Voters in Istanbul have dealt a stunning blow to the prestige of President Erdoğan and a landmark victory for democracy in the landslide win for the opposition coalition candidate from the Republican People’s party (CHP), Ekrem İmamoğlu, who for the second time was elected Mayor of Istanbul over the former prime minister Binali Yıldırım, the candidate of the ruling Justice and Development party (AKP).
And what a victory it was. Despite blanket pro-government media coverage, nearly 9 million people voted in the rerun election, representing some 85% of those eligible to vote. In the March election, Ekrem İmamoğlu majority was 13,500. This time is was some 775,000 representing just over 54% of the votes cast. The decision to demand a rerun has been a disastrous one for Erdoğan and will have serious repercussions within the governing AK Party, which it was rumoured was split over the original decision to call for the rerun election. After all it was Erdogan who said that whoever wins Istanbul will win Turkey. The vote is the biggest blow in his 25 year career to what seemed his dictatorial grip on power.
Writing in The Guardian (24 June) Bethan McKernan reported that: “Losing Istanbul for a second time is an unthinkable outcome for the AKP. Turkey’s biggest city and economic heart, it accounted for 31% of GDP in 2017 and is an important driver of the government’s unofficial patronage networks. It has been controlled by the ruling party and its Islamist predecessors for a quarter of a century.
Observers note that İmamoğlu’s mandate is still far from assured: the 2015 general election which saw the AKP lose its majority in parliament was rerun and other charismatic challengers to Erdoğan have been imprisoned or folded under pressure.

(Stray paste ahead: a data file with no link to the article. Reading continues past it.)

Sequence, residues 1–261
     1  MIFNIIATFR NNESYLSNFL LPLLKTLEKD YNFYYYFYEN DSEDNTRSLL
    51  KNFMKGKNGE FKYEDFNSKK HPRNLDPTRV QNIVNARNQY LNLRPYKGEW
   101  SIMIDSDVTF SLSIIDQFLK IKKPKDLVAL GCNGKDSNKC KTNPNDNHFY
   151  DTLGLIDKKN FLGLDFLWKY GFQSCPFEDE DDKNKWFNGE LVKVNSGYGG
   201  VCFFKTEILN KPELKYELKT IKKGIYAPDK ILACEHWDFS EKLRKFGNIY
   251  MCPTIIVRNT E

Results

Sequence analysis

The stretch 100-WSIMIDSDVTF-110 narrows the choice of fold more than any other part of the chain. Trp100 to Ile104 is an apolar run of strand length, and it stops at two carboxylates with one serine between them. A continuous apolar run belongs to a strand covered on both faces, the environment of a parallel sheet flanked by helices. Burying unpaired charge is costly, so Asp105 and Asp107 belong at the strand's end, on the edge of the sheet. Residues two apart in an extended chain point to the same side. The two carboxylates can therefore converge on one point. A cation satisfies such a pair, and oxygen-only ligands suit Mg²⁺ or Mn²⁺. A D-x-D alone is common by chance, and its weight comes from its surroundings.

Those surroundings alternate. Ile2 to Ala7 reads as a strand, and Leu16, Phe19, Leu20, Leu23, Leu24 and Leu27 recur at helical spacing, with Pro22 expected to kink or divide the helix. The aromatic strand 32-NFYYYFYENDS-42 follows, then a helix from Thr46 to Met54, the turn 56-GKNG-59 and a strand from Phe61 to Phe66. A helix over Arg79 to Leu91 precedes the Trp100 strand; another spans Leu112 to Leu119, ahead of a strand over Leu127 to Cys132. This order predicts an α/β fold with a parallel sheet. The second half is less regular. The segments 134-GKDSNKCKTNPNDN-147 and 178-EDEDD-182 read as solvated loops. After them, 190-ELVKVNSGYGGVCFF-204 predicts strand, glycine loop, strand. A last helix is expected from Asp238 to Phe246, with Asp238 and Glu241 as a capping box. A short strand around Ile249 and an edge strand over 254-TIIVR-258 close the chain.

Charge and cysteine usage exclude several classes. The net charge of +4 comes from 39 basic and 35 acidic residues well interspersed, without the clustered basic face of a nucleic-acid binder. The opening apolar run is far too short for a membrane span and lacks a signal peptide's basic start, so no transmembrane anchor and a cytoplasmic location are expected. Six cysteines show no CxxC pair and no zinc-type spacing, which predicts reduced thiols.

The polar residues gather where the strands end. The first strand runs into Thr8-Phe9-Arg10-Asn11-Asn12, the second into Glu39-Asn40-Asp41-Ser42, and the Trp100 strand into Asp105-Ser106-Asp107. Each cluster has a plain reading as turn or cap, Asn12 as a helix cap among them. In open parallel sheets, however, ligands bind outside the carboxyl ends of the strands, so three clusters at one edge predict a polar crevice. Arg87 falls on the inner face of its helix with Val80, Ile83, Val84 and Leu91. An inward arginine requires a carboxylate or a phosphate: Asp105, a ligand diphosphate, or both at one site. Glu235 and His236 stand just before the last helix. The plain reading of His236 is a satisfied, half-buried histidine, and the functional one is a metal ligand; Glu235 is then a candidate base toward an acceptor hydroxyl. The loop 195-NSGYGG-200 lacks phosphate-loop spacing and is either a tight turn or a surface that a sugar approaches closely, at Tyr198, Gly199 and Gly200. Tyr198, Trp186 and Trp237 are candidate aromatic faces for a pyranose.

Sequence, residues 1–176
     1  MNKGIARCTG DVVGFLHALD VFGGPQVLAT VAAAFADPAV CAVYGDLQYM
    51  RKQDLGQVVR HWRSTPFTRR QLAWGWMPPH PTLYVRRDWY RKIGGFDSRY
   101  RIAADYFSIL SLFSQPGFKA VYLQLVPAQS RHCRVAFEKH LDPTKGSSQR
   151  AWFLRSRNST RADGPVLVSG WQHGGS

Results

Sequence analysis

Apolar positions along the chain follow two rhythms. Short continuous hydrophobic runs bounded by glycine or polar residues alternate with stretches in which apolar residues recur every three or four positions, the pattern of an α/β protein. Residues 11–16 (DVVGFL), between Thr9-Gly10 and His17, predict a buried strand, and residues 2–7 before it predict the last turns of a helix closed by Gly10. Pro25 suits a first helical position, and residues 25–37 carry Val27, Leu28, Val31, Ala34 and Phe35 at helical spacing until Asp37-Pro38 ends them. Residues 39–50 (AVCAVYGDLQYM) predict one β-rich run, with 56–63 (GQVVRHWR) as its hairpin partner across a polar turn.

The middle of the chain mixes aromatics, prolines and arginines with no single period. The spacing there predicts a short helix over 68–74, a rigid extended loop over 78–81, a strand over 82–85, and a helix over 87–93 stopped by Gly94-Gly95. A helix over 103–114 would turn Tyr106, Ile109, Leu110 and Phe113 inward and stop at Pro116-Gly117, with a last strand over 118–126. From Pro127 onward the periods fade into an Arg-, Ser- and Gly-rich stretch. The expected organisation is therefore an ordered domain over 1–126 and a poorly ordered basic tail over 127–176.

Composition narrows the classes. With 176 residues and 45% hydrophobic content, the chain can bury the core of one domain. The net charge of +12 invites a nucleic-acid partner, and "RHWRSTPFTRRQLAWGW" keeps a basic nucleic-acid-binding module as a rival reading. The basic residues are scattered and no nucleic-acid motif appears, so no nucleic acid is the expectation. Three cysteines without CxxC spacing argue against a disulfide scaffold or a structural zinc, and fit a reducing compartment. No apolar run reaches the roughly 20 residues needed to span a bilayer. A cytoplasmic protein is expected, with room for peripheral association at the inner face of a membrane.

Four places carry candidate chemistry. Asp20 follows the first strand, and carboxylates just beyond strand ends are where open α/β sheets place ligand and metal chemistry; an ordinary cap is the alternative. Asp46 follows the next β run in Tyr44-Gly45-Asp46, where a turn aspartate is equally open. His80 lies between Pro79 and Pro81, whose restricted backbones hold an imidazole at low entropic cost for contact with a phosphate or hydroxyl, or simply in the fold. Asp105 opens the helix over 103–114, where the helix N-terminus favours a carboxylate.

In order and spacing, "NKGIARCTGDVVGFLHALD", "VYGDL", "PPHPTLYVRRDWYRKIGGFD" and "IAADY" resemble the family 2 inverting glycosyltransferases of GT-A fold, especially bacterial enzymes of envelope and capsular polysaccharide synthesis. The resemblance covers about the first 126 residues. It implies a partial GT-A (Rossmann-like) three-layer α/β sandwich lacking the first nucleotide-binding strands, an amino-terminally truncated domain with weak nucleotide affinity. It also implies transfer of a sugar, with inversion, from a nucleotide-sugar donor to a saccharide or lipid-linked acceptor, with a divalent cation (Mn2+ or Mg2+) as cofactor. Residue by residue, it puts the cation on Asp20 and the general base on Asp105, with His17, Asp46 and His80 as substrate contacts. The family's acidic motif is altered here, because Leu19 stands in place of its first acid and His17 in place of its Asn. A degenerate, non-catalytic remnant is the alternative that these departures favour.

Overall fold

The AKP still controls 25 of Istanbul’s 39 districts and holds a majority in the municipal assembly, which will make it difficult for İmamoğlu to deliver on campaign promises. The margin of his victory, however, shows that at least in Istanbul there is a strong appetite for change after 16 years of national AKP rule.”
This strong appetite for change was reflected in the measures some electors went to in order to cast their votes. The Turkish Hurriyet Daily News reported that Fatma Tunca, a 77-year-old who recently had a hip surgery, was brought to a school in an ambulance in the Samandıra neighbourhood on the Asian side to cast her vote. She was one of the elderly and disabled people who were escorted by officials to the ballot boxes. The newly opened Istanbul airport also witnessed a busy day with thousands of people flocking to the districts where their addresses were registered. Long lines of buses were observed at the Esenler Bus Terminal on the European side of the city starting from 22 June. According to İbrahim Tansel from the Central Anatolian province of Sivas, the election offered an opportunity to see his friends while Dursun Çağlayan from the Black Sea province of Trabzon told Demirören News Agency at the airport that his family had businesses in both cities. “We will cast our votes as a family and go back to Trabzon,” he said.
Ekrem İmamoğlu’s campaign was supported by the People’s Democratic Party (HDP) and adopted the slogan “Everything will be just fine”. Just whether that turns out to be true remains to be seen. The result will boost the confidence of those campaigning for a democratic society and against Erdoğan’s autocratic rule, but as a friend from Ankara observed shortly after the result was declared: “This is the first major defeat for the dictator, and a success for the big coalition of Turkish-Kurdish people and all democratic forces. Restoring democracy will take longer and will need patience.”
A longer interview with my source in Ankara on the implications of the election win will be added to this blog when received.